Posted by: pop-break | February 15, 2013

Interview: Senses Fail

joe zorzi gets in the grind…

SensesFail

You can’t have a musical event, steeped in punk rock without including the guys from the post-hardcore outfit Senses Fail. The band’s lead singer and songwriter, Buddy Nielsen, a Bergen County native, was on hand at The GameChanger World Launch Party on February 3 at iPlay American in Freehold, New Jersey to not only talk about his new album — but the game Senses Fail will be a part of for this new mobile gaming platform.

While Nielsen had a blast gaming with fans, sitting and chatting about music and North Jersey — he’s got a lot on his mind these days. Senses Fail is on the verge of releasing a brand new album, Renacer and then embark on a nationwide tour (which will see them return to New Jersey in May at The Stone Pony in Asbury Park, NJ).

Pop-Break’s Joe Zorzi and Bill Bodkin had the chance to sit down with Nielsen to talk about the launch and creation of the band’s new game (available for Android and iOS in the coming months), the band’s new album and his love for Pantera.

L-R: Buddy Nielsen, Zach Roach, Dan Trapp, Matt Smith. Photo: Jonathan Weiner

L-R: Buddy Nielsen, Zach Roach, Dan Trapp, Matt Smith. Photo: Jonathan Weiner

Joe Zorzi: You guys are on your fifth full length album, Renacer. What does it mean?

Buddy Nielsen: It means to be reborn. The act of being reborn in Spanish.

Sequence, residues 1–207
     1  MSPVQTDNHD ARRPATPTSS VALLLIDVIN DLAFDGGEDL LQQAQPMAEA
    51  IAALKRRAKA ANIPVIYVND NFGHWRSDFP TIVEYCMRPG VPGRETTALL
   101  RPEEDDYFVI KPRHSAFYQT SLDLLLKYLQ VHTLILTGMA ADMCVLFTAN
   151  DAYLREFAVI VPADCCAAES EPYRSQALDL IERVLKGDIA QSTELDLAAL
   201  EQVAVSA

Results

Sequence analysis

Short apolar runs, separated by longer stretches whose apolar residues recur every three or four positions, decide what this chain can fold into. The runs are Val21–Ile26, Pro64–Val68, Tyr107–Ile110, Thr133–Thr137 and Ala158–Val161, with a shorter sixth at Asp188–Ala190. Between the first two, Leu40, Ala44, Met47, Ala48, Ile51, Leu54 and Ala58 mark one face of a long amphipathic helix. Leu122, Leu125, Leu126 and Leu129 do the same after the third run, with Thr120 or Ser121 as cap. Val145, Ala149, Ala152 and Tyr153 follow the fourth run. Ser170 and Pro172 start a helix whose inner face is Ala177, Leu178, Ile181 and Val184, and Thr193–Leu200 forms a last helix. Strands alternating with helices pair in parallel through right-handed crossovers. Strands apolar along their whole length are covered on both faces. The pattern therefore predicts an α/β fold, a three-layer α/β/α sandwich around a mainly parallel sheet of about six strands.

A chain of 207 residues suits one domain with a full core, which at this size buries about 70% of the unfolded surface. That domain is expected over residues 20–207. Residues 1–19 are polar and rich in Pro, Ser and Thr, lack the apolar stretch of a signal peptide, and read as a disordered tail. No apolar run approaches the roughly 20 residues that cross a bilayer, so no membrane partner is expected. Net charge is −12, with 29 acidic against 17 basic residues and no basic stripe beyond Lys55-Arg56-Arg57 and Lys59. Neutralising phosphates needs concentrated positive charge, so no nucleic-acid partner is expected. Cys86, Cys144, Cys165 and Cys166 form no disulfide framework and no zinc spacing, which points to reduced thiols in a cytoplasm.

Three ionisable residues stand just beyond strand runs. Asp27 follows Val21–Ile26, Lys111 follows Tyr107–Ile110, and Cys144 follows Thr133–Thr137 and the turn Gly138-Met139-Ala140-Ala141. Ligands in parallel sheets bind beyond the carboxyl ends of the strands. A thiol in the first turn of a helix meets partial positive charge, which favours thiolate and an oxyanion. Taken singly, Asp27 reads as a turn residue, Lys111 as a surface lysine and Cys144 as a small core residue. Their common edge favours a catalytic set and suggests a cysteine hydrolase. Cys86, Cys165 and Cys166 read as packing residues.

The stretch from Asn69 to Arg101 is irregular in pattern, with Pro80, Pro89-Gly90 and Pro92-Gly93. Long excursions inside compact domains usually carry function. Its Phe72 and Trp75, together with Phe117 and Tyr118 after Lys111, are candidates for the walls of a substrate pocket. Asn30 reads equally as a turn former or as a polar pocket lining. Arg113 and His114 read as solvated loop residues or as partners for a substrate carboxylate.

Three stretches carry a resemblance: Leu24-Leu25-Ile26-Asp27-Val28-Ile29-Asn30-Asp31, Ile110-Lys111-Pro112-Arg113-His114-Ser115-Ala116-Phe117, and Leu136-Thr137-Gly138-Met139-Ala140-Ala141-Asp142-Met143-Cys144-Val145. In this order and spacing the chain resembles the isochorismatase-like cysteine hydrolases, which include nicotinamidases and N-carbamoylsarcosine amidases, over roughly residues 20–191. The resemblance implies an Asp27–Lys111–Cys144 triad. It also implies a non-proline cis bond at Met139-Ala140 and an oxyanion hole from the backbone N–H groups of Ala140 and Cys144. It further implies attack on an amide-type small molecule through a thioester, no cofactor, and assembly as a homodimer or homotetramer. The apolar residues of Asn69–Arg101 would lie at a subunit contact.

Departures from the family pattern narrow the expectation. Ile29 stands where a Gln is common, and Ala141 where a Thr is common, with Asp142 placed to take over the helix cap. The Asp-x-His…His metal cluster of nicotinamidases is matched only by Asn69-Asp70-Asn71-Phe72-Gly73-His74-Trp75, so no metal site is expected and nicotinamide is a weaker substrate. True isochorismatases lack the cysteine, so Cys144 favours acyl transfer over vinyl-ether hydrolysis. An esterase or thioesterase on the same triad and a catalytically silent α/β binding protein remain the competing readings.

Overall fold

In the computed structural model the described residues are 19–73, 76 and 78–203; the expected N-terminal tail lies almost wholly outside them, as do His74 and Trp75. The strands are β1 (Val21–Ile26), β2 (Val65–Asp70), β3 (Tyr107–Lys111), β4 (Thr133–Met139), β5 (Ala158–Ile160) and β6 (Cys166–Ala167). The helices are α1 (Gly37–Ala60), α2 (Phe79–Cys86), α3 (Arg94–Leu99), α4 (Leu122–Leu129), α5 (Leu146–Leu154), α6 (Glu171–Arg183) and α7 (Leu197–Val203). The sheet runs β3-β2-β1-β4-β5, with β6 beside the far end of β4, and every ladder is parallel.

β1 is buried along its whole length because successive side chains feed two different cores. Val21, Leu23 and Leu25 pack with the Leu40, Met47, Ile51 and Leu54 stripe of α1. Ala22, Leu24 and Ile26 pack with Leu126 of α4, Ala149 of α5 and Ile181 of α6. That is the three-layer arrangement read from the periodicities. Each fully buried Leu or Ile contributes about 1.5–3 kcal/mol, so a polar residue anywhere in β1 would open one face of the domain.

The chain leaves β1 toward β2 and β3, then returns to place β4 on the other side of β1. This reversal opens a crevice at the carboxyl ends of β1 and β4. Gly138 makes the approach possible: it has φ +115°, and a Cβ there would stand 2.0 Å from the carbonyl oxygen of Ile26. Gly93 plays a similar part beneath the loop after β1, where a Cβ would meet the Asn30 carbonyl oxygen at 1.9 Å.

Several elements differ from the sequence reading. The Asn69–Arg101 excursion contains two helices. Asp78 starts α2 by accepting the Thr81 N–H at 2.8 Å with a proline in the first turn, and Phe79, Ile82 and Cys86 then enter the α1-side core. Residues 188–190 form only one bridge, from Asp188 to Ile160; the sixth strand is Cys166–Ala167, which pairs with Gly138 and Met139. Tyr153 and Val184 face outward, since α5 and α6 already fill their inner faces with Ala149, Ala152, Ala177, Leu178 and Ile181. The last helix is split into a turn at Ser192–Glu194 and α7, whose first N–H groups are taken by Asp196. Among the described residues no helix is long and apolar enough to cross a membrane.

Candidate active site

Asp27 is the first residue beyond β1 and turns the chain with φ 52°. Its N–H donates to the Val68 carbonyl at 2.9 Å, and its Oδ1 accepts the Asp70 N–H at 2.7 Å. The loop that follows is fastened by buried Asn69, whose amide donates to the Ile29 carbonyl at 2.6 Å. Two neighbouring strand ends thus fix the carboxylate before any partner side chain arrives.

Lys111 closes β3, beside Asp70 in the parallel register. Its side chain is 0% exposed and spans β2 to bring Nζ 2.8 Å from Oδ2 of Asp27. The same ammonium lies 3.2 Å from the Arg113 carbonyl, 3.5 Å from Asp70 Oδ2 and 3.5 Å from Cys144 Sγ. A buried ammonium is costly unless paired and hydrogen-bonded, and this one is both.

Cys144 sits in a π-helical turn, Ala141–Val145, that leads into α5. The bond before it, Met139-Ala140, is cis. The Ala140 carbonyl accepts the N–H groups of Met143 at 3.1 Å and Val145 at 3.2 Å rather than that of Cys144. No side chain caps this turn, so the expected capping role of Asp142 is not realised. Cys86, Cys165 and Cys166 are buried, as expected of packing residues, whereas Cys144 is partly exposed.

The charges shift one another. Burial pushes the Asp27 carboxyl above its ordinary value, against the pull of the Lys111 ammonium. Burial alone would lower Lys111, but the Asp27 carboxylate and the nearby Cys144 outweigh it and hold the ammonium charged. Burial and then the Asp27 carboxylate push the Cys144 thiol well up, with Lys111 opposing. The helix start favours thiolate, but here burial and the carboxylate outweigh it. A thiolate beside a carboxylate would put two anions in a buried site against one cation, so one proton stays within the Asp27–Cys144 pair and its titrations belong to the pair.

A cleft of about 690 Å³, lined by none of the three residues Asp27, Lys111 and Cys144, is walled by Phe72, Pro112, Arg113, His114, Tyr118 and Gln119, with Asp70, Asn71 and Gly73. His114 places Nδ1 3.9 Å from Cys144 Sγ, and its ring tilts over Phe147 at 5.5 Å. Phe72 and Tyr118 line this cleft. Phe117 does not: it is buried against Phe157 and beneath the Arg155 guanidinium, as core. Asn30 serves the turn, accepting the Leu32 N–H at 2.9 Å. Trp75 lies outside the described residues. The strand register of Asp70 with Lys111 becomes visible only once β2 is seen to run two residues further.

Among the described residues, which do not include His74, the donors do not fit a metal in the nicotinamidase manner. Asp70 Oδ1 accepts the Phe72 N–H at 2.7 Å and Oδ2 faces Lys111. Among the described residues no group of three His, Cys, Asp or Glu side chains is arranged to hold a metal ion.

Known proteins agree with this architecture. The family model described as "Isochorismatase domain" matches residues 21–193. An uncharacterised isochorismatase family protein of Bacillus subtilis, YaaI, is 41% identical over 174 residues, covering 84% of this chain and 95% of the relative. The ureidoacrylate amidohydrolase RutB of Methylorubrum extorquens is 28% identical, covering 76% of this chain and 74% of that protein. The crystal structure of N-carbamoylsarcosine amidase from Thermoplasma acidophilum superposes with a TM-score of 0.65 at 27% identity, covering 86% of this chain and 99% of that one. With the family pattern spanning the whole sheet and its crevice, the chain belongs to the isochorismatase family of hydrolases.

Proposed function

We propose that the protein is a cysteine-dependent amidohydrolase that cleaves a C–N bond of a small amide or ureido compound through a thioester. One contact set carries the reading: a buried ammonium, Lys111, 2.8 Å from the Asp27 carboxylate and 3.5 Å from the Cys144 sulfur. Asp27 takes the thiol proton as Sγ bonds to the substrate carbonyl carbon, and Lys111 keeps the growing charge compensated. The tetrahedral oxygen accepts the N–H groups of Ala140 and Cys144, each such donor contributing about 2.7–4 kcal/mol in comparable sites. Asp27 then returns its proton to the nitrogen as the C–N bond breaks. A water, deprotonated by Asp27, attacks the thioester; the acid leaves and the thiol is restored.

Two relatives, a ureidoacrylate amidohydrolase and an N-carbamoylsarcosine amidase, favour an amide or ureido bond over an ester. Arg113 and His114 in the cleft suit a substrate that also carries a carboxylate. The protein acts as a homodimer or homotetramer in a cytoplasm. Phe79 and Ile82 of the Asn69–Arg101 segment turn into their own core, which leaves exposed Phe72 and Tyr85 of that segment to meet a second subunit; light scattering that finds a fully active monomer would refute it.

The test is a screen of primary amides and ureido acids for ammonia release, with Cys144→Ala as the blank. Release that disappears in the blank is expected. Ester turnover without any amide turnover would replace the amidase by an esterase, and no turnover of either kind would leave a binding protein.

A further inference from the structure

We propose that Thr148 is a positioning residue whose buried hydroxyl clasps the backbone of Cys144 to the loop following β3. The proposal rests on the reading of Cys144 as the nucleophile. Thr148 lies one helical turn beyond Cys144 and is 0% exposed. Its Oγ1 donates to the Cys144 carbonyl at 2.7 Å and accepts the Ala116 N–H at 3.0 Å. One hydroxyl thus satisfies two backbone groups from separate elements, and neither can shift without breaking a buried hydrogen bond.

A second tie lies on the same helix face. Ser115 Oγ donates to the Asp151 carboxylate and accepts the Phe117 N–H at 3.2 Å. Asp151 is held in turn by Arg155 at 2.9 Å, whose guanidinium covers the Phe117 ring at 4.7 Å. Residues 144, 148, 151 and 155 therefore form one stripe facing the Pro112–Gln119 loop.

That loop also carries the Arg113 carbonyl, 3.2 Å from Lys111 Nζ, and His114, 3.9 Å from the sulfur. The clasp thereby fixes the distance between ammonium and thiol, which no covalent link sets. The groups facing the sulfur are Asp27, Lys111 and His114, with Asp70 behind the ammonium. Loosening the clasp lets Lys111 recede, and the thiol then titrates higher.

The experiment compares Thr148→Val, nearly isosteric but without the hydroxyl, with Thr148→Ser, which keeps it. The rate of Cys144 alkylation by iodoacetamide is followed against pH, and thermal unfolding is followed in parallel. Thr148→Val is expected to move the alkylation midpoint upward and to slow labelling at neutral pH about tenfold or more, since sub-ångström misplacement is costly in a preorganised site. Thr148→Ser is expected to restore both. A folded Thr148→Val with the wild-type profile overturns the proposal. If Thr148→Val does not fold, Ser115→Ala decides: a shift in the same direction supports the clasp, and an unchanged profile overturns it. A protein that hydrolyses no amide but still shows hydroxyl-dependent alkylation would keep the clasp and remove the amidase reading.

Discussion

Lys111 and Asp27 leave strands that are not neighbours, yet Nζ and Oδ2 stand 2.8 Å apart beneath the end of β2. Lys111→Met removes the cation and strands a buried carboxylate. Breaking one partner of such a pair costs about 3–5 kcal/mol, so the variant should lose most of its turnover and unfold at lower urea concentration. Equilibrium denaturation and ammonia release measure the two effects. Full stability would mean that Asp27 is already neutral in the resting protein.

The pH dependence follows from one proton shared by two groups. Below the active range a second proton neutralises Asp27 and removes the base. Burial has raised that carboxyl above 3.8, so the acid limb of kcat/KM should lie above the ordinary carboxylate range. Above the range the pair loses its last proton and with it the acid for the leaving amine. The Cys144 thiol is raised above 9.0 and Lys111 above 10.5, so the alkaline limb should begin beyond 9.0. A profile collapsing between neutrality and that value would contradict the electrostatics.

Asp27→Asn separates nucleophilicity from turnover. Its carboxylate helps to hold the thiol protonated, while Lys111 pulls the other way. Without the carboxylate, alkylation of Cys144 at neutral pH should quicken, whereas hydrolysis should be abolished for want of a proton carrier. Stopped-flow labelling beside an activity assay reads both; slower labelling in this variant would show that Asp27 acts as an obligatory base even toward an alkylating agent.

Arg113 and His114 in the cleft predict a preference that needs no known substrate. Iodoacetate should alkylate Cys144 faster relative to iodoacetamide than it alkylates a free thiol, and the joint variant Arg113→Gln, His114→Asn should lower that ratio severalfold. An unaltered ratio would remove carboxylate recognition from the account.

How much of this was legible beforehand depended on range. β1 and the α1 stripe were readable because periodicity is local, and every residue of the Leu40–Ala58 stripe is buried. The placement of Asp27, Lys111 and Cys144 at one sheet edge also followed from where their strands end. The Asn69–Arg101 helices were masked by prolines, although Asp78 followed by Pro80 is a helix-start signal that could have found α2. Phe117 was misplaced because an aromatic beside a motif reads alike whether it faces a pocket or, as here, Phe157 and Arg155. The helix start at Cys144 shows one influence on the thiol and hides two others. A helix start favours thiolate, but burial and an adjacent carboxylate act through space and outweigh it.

JZ: So is that the thought process of this whole album?

BN: Yeah, yeah I mean it’s a completely different band. The record sounds nothing like the band.

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JZ: Really?

BN: Yeah, sounds like a completely different band.

JZ: Heavier, or…?

BN: Yeah, it’s heavier. It’s just different. We’ll see, people might not like it, so.

JZ: You had a few new songs that came out when you guys put out your greatest hits compilation. Is it going to sound similar to that?

BN: No, still different than that.

JZ: You had a facebook status, “Monday.”

BN: Oh yeah, we’re gonna put up a song. We’re gonna put up I guess the first song that we’re putting up from the record.

JZ: Is it gonna be a single?

BN: I guess. I mean, it’s not really a single it’s not like…

JZ: Just promotional?

BN: Yeah, the first song that we’re putting out. I wouldn’t even call it a single, that would give the connotation that it’s like poppy or radio friendly. It’s not.

JZ: Does it matter anymore for bands like you do you think?

BN: No, no not really. Nothing off this record would ever be played on the radio ‘cause it’s too heavy.

JZ: So the title means reborn… you guys still have the same members though right?

BN: No, only two original members.

JZ: Oh okay, so does that have a big impact on why…

BN: Yeah, that would be one big reason why it sounds completely different than everything else. I mean, our main reason is that the guitar player, who basically wrote all the other stuff left after the last record. So a whole new team of people writing.

JZ: That’s exciting.

BN: Yeah!

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JZ: Now you guys have a two month tour coming up, April and May.

BN: Yeah, April, May, and then going to Europe.

JZ: And what was the thought process with that cover EP you put out? Where’d that come about from?

BN: Just to try to get people to buy pre order tickets, just give them an incentive to buy pre order tickets in advanced.

Bill Bodkin: I saw Phil Anselmo not long ago at Gramercy Ballroom and I saw you covered “Mouth for War” by Pantera. Now, is that one of your favorite Pantera songs and what’s your spin on the song?